This was a market day and beach time. The market is so crowded and hot. The vendors sit in the hot sun waiting with their few wares, hoping someone will buy. What I can’t figure out is how the bugs don’t get into the food.
We visited a wood fired stone bakery, which had at least 500 buns in it at one time. We all enjoyed a hot bun out of the oven upon our exit.
We had a good time at the beach. The water had some garbage in it, but not as bad as I remembered last year. We had a lobster feed, caught that day, cooked over a wood fire on the beach in front of us. It cost us each 10 dollars. The price was pretty good, the taste was even better. In addition, we had a guy climb a coconut tree to get each of us a coconut. He cut off the top and we all had some coconut juice to drink. It cost 100 gourds (2.50) each and well worth the experience.
Sunday January 15
Sunday is church day and no work. The church was packed with kids and adults. They have doubled the size of their building since I was here last and it is full already. There might have been 500 people there.
While they loved the snake and were very excited about it, I couldn’t help but think they need some basic training on how to run this stuff as feedback pierced our ears.
Monday, January 16 I spent most of the morning getting a picture of the class and teacher that KCF and Nelson Daybreak Rotary club sponsored. That a class photo would take up to 3 hours to organize is indicative of some of the challenges short term mission people experience. The teacher name is Mestine Lucner; this is his first year teaching at Haiti Arise. He teaches the fifth grade and has 17 students. Their ages range from 12-14.
They have over 250 students from k to 5 and hope to add grade six next year.
During our team debrief and devotional (we do this every night), every one of the team was feeling good about what had been accomplished so far. On this day: Betty worked on the categorizing and sorting the medical supplies that were stored in totes. Judy worked on a garden plot that Betty envisioned. The ground is desperately hard packed clay. The work is strenuous, but a great opportunity to pray says Judy. Benjamin worked on the technical school as did Wayne and Ken and Julie. Doreen worked with the kids and had a great time. More than a dozen kids made first time commitments to Christ at the end of the meeting. After the children’s meeting a women’s meeting started. Doreen had the opportunity to share at it.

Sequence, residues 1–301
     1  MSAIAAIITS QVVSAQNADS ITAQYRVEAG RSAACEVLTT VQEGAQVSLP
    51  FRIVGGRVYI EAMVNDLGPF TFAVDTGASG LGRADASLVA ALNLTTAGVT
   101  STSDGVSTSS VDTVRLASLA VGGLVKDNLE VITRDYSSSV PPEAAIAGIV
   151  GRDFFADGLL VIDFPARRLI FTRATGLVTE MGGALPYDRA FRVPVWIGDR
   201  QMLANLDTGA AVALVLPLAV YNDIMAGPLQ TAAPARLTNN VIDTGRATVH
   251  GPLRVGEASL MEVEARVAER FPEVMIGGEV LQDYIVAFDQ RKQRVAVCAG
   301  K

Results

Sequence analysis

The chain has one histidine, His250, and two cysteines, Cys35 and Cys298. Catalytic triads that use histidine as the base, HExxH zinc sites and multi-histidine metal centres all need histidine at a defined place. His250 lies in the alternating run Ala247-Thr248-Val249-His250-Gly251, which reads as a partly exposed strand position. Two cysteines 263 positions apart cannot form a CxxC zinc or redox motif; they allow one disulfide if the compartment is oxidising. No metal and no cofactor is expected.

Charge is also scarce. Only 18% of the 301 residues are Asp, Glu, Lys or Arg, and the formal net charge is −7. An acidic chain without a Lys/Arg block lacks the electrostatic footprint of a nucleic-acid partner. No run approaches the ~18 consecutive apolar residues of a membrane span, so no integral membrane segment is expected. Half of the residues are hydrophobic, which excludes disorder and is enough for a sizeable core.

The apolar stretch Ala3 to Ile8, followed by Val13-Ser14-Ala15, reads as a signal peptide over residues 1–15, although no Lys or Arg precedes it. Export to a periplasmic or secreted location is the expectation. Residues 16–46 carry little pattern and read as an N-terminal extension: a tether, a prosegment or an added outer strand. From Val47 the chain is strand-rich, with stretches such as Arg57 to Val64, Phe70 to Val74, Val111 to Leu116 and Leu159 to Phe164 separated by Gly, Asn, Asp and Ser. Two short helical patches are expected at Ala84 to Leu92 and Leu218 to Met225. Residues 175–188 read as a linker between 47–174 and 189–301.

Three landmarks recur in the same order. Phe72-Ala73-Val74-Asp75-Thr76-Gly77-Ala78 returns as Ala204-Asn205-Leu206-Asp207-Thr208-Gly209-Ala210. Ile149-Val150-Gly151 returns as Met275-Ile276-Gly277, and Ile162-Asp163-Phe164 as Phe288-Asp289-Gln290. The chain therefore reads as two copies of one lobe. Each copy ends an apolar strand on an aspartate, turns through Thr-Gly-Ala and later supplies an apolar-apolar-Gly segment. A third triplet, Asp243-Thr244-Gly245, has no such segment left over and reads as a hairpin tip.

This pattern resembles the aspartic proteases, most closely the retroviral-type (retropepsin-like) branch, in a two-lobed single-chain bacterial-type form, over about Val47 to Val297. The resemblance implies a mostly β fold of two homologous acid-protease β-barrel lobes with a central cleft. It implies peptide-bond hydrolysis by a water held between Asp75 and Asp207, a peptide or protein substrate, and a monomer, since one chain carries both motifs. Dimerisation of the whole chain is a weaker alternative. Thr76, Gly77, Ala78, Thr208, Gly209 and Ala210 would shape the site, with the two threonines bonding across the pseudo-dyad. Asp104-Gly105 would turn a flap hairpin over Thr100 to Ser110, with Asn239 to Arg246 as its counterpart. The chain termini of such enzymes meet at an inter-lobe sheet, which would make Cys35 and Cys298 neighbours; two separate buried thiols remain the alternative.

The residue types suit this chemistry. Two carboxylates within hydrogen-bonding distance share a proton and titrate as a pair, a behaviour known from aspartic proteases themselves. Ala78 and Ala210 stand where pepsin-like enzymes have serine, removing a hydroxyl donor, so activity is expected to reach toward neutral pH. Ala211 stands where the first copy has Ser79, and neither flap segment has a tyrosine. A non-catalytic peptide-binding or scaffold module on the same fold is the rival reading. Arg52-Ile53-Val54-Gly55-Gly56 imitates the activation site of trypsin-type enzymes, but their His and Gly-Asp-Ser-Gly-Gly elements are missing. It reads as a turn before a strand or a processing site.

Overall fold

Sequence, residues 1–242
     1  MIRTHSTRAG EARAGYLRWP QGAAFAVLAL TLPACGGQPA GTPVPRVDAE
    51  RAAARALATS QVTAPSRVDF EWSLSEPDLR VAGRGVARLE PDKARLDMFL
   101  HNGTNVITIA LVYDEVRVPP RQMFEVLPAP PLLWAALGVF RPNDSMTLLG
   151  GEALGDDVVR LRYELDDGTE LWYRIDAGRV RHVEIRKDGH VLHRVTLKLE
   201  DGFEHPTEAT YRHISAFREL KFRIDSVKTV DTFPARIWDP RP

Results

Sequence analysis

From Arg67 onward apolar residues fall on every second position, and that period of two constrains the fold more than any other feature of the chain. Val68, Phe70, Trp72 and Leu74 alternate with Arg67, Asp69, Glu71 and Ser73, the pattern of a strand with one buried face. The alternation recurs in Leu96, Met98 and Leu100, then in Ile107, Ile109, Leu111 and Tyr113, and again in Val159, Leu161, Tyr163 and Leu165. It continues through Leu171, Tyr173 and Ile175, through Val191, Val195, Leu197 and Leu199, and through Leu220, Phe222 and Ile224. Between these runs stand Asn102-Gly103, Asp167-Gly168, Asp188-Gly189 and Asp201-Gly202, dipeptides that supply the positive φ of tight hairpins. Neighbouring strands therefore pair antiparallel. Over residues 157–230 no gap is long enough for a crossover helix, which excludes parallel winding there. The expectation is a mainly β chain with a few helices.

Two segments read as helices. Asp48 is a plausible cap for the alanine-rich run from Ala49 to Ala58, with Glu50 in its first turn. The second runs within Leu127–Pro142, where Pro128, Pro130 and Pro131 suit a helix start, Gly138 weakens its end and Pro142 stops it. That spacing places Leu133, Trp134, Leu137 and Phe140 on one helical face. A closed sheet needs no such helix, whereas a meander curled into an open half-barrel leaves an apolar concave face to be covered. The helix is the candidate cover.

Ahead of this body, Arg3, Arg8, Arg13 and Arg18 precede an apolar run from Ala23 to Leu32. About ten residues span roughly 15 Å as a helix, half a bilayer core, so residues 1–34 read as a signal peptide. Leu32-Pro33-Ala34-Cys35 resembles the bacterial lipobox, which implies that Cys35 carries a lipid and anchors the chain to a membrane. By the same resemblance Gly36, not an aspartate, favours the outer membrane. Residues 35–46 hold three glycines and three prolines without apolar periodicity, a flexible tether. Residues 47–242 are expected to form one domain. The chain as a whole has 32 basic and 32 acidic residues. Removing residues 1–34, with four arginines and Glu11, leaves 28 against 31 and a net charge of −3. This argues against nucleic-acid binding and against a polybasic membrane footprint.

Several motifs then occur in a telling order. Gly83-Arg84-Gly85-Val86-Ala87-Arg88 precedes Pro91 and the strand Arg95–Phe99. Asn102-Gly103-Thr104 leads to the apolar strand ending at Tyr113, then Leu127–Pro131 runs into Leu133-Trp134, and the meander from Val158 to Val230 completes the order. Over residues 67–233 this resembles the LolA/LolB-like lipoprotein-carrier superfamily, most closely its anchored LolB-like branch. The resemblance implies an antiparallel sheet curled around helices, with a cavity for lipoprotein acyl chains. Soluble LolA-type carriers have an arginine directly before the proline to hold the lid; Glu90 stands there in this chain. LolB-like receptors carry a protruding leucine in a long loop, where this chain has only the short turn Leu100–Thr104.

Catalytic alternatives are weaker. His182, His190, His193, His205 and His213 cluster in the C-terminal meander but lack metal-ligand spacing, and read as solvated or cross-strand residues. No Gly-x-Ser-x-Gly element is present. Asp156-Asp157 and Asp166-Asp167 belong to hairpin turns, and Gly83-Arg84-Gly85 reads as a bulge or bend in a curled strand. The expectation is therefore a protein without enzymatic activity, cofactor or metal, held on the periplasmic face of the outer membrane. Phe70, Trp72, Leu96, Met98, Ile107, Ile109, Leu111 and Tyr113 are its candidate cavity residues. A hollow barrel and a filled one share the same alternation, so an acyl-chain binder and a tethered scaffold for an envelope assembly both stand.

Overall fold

Our schedule is pretty consistent every day and consists of the following: Breakfast at seven Work projects to noon, lunch and then work until 4:30. Supper at five and cleanup of dishes Team devotions and debrief and then we play cards or other indoor activities.
It is dark at 6 pm and so outdoor activities are not an option.
The team is healthy and in good spirits. Please continue to pray for us as we seek to be God’s blessing in this land.
Notes from the Team:
I am having an awesome time-more than I dreamed of. God is so good. Feeling very well, sleeping well and enjoying the heat. The two year memorial meeting on the Children’s village property had 5-600 people worshiping. God is real to them. Lisa and Mark are leading a great team of workers.
Hi, wish you were here! So much work to do and so little time. It is wonderful to see so much progress since I left 9 months ago. A lot has been done and it is exciting to see God at work in the land in the people and in us. I do wish you could visit this area and see what He is doing as well see the market and the beach our Saturday activities. God bless everyone!!
Judy and I are digging up a little patch of garden just outside the kitchen door. We even find an occasional hardy earthworm! My real work is cleaning the new medical center so that it is ready for use by a medical team that is coming in a few weeks. AND ORGANIZING ALL THOSE BINS so that the contents make sense to future medical workers. Someday the clinic will be regularly staffed by Haitians – that will be a great day and I am delighted to be a part of it.
Hi everyone! Work has been going well and we are all enjoying the sunshine (well maybe not some of us who are working hard and sweating in it) I have been working on the trades school with Ken, Benjamin, Wayne, and a few of the Haitian locals. So far we have almost all the plumbing done and are getting ready for pouring cement tomorrow. Things are moving along great and I am enjoying my time here!
This is an incredible experience. Grand Gouave is one of the regions that have been the most ravaged by the earthquake in 2010 and the work achieved by Haiti Arise since then has been crucial in restoring this area. Our services provide shelters, schooling, health care, and food for the locals, but primarily it provides a sense of community amidst the chaos that followed the earthquake. It is amazing to be part of such a blessed noble cause.